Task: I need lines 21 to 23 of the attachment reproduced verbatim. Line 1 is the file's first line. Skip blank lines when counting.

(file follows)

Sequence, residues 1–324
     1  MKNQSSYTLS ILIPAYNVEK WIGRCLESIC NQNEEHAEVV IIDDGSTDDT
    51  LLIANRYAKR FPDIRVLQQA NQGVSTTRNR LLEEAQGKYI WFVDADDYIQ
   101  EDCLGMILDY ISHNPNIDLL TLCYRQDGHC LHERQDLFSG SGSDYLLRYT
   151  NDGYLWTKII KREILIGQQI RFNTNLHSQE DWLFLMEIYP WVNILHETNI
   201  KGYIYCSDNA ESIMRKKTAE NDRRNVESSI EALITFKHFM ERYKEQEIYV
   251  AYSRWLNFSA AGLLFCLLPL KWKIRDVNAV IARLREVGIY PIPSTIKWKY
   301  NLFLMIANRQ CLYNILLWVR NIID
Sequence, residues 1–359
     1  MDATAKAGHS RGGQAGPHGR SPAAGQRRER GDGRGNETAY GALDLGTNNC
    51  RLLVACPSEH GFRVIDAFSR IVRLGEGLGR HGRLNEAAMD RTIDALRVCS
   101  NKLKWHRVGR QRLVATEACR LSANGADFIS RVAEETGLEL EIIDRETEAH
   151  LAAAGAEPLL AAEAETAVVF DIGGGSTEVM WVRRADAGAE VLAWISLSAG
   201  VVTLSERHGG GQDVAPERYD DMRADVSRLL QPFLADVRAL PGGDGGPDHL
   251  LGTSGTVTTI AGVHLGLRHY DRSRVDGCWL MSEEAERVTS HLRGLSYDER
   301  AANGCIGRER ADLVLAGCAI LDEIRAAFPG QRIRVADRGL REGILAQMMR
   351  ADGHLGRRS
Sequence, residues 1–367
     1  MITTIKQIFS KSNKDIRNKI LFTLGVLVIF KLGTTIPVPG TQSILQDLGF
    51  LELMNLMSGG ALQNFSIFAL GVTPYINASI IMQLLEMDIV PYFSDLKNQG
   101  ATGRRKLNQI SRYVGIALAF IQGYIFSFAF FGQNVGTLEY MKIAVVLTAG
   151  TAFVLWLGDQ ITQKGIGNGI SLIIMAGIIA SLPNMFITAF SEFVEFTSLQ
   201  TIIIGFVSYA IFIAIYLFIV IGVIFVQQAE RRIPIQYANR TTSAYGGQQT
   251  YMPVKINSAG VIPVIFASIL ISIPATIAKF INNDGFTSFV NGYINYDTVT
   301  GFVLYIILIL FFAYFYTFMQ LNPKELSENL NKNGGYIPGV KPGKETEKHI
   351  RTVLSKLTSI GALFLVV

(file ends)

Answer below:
   101  ATGRRKLNQI SRYVGIALAF IQGYIFSFAF FGQNVGTLEY MKIAVVLTAG
   151  TAFVLWLGDQ ITQKGIGNGI SLIIMAGIIA SLPNMFITAF SEFVEFTSLQ
   201  TIIIGFVSYA IFIAIYLFIV IGVIFVQQAE RRIPIQYANR TTSAYGGQQT